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Reviewed by Asher Syed for Readers' Favorite
Pine Gap: Close to God’s Ear: NSA Eavesdropping Memoirs by David Rosenberg is the non-fiction memoir and compilation of experiences from his time as an insider within the titular organization. To emphasize the significance of Rosenberg's tell-all, the book begins with a disclaimer from the National Security Agency/NSA, which is probably one of the smoothest non-denial intros I've seen. Rosenberg holds nothing back as he fleshes out his work as an American spy after his first choice as an FBI Special Agent role was axed because of nominal herbal drug use, which the CIA also questioned. By a process of elimination, Rosenberg was situated with the NSA. Rosenberg details the process and placement, some absolutely key moments in world history which he was at first base with, his stance on some actions taken, his exit, personal life, and life after leaving.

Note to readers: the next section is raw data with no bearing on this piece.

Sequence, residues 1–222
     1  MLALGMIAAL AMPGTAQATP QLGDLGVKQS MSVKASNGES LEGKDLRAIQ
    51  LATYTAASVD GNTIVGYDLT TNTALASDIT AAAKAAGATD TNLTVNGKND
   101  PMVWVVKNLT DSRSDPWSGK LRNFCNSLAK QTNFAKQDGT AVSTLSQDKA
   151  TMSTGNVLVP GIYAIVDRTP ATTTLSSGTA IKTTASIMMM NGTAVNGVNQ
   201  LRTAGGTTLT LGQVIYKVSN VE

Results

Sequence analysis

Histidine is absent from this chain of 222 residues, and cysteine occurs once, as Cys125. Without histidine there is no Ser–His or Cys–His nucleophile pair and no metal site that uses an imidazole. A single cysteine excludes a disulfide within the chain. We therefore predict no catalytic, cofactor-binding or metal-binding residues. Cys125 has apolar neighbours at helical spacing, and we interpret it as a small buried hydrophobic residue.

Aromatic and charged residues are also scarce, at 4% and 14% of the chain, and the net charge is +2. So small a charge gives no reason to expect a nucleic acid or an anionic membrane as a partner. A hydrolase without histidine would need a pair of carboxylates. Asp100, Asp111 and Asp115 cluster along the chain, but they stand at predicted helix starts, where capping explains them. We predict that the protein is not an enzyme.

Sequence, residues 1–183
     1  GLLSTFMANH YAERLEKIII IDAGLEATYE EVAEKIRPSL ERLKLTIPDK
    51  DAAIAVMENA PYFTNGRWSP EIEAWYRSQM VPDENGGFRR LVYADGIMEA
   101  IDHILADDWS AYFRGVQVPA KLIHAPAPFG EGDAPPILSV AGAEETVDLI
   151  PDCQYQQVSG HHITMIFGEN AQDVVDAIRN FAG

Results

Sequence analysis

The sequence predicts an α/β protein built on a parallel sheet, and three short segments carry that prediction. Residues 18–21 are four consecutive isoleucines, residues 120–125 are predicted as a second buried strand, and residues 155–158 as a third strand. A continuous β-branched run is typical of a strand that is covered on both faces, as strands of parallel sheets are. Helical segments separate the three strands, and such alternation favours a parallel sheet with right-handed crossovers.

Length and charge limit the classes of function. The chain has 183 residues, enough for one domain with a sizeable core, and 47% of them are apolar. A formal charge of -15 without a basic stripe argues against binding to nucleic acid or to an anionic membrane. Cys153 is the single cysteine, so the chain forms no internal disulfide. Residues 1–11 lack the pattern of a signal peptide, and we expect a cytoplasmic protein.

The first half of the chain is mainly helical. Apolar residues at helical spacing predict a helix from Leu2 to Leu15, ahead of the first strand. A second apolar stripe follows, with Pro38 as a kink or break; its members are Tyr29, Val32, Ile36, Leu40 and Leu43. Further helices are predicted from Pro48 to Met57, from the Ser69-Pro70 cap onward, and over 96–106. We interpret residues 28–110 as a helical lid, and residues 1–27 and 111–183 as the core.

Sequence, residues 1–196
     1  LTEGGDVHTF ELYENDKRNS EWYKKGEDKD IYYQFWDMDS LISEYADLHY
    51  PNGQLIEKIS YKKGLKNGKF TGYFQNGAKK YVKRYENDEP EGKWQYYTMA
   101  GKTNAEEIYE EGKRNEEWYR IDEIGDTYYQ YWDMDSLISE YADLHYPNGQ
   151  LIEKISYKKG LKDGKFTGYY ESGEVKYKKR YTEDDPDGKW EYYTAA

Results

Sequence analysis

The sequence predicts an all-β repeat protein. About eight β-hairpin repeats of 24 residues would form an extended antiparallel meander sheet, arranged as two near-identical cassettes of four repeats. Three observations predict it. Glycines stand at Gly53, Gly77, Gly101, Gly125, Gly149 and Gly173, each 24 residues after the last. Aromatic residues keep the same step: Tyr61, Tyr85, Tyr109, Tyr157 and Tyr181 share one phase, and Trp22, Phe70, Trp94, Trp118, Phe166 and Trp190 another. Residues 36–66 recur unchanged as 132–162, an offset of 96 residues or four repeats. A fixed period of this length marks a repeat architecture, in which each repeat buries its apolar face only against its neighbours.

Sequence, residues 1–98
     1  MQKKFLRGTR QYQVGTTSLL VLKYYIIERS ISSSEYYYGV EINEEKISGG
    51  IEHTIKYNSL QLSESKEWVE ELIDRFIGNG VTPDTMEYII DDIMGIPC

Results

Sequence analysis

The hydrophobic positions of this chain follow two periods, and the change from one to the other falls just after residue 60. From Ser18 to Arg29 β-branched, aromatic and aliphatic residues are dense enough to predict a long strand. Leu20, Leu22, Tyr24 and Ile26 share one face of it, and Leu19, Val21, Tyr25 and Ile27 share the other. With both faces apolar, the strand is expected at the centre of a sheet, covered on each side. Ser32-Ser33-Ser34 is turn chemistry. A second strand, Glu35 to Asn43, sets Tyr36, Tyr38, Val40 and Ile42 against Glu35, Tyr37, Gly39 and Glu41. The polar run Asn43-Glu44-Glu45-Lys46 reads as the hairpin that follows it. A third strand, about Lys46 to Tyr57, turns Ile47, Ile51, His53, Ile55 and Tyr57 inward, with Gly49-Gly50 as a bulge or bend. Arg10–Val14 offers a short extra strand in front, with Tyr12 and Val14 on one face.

Pine Gap is as engrossing as it is terrifying with David Rosenberg leading the way through things we suspected, things we didn't know, and a couple of things I now wish I didn't know. The last bit isn't entirely true but I admit the processing of Rosenberg's experience took some time. The technical aspects were cool to read up on but, for me, it was the impact his career had on his life and outlook that made the more mechanical aspects palatable. There's a distinct transition that happens with the panache of a fantastic fictional character arc, except that Rosenberg's evolution was from an American on American soil, to an American on Australian soil, to an American who felt let down and left with a for-or-against terrorism ultimatum—this evolution is true. So a book that is factual reads with the delicious insight of one that is not. It's rare to find a memoir that taps into the stranger-than-fiction mold, but Rosenberg does in this spectacular account.